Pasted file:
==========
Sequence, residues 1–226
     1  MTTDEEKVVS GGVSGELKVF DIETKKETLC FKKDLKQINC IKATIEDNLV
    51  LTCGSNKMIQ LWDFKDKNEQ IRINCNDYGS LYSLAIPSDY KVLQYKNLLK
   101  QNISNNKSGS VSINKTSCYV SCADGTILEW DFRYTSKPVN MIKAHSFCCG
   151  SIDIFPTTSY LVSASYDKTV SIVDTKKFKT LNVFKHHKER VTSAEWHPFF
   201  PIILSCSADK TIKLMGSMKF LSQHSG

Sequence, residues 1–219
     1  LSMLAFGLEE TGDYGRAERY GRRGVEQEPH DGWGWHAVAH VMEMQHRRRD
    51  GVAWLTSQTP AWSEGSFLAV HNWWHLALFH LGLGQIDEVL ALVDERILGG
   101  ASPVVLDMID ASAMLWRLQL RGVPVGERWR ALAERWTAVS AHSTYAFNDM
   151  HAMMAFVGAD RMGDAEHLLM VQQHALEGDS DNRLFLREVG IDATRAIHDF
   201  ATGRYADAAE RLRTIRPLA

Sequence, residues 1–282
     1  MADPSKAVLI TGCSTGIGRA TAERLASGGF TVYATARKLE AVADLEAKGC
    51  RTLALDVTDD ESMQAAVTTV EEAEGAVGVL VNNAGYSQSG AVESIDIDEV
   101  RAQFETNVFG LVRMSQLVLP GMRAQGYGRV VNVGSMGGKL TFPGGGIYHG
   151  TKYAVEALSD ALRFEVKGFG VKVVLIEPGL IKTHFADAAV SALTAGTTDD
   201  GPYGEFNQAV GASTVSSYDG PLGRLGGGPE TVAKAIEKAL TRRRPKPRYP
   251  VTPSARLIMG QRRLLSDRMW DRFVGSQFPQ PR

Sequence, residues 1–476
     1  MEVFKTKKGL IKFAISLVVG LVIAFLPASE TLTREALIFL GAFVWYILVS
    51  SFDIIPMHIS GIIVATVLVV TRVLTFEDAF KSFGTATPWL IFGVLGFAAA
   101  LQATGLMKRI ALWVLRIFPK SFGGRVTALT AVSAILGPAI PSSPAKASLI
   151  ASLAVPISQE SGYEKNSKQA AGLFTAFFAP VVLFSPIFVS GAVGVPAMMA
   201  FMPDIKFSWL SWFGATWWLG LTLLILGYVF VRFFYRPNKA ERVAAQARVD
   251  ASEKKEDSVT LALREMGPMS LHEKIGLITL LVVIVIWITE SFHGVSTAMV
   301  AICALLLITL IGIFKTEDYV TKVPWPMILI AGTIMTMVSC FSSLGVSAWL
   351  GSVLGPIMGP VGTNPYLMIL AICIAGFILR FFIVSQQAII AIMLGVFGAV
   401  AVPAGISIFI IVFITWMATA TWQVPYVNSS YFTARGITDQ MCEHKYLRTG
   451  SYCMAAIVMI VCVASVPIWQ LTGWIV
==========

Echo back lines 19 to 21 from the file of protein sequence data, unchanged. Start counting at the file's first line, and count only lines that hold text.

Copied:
   251  VTPSARLIMG QRRLLSDRMW DRFVGSQFPQ PR

Sequence, residues 1–476
     1  MEVFKTKKGL IKFAISLVVG LVIAFLPASE TLTREALIFL GAFVWYILVS